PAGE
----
Latin American consensus on diagnosis of gastroesophageal reflux disease

Jorge A. Olmos*, John E. Pandolfino, María M. Piskorz, Natalia Zamora, Miguel A. Valdovinos Díaz, José M. Remes Troche, Mauricio Guzmán, Albis Hani, Luis R. Valdovinos García, Hannah Pitanga Lukashok, Gerson Domingues, Eduardo Vesco, Mariel Mejia Rivas, Luis F.Pineda Ovalle, Daniel Cisternas, Marcelo F. Vela

*Corresponding author for this work

Research output: Contribution to journalArticlepeer-review


Background: Diagnosing gastroesophageal reflux disease (GERD) can be challenging given varying symptom presentations, and complex multifactorial pathophysiology. The gold standard for GERD diagnosis is esophageal acid exposure time (AET) measured by pH-metry. A variety of additional diagnostic tools are available. The goal of this consensus was to assess the individual merits of GERD diagnostic tools based on current evidence, and provide consensus recommendations following discussion and voting by experts. Methods: This consensus was developed by 15 experts from nine countries, based on a systematic search of the literature, using GRADE (grading of recommendations, assessment, development and evaluation) methodology to assess the quality and strength of the evidence, and provide recommendations regarding the diagnostic utility of different GERD diagnosis tools, using AET as the reference standard. Key Results: A proton pump inhibitor (PPI) trial is appropriate for patients with heartburn and no alarm symptoms, but nor for patients with regurgitation, chest pain, or extraesophageal presentations. Severe erosive esophagitis and abnormal reflux monitoring off PPI are clearly indicative of GERD. Esophagram, esophageal biopsies, laryngoscopy, and pharyngeal pH monitoring are not recommended to diagnose GERD. Patients with PPI-refractory symptoms and normal endoscopy require reflux monitoring by pH or pH-impedance to confirm or exclude GERD, and identify treatment failure mechanisms. GERD confounders need to be considered in some patients, pH-impedance can identify supragrastric belching, impedance-manometry can diagnose rumination. Conclusions: Erosive esophagitis on endoscopy and abnormal pH or pH-impedance monitoring are the most appropriate methods to establish a diagnosis of GERD. Other tools may add useful complementary information.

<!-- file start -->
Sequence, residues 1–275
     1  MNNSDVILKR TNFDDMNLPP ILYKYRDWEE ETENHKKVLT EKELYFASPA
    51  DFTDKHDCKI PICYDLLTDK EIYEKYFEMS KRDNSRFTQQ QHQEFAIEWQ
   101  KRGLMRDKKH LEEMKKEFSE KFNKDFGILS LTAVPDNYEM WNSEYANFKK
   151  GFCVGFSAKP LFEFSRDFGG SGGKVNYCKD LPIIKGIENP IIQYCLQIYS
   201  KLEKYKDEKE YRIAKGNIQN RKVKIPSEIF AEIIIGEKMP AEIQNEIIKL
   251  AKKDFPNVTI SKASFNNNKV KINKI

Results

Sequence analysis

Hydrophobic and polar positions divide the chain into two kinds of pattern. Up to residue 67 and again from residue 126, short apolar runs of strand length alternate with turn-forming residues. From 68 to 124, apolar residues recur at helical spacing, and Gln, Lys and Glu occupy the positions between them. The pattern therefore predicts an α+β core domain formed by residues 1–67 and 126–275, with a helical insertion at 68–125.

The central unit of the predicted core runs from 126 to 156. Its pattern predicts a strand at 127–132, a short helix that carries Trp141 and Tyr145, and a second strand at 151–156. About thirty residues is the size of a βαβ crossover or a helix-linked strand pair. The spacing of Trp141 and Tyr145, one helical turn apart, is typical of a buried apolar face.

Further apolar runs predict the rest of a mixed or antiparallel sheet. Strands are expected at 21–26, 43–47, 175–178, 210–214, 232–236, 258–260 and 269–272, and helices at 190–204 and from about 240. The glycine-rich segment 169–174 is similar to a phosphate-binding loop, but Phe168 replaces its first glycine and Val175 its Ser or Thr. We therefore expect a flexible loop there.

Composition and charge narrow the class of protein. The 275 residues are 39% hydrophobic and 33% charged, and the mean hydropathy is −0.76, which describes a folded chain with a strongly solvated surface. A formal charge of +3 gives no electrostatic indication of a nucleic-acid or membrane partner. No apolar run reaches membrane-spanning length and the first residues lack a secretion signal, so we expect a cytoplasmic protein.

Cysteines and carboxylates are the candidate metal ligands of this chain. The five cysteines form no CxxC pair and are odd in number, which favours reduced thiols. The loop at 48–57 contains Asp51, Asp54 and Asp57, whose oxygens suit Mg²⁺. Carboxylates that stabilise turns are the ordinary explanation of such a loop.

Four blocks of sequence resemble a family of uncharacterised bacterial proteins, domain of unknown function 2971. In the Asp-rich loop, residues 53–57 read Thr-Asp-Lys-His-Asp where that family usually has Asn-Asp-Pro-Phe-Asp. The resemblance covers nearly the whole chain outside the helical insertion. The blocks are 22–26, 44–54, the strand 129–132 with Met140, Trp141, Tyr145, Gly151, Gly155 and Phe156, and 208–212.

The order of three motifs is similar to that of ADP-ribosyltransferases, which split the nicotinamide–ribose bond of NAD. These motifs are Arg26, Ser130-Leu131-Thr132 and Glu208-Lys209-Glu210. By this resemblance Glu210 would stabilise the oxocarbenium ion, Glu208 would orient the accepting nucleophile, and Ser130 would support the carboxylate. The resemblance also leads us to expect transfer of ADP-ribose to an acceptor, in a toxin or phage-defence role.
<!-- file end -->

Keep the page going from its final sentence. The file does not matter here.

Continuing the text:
Original languageEnglish (US)
Article numbere14735
JournalNeurogastroenterology and Motility
Issue number3
StatePublished - Mar 2024


  • ambulatory reflux monitoring
  • gastroesophageal reflux disease

ASJC Scopus subject areas

  • Endocrine and Autonomic Systems
  • Gastroenterology
  • Physiology


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